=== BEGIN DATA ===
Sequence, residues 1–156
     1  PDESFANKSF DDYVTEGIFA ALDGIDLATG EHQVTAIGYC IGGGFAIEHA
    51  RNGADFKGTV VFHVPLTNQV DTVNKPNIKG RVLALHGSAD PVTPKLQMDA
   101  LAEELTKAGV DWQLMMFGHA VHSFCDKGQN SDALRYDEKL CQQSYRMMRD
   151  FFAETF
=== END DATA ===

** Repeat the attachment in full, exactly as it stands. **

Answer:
Sequence, residues 1–156
     1  PDESFANKSF DDYVTEGIFA ALDGIDLATG EHQVTAIGYC IGGGFAIEHA
    51  RNGADFKGTV VFHVPLTNQV DTVNKPNIKG RVLALHGSAD PVTPKLQMDA
   101  LAEELTKAGV DWQLMMFGHA VHSFCDKGQN SDALRYDEKL CQQSYRMMRD
   151  FFAETF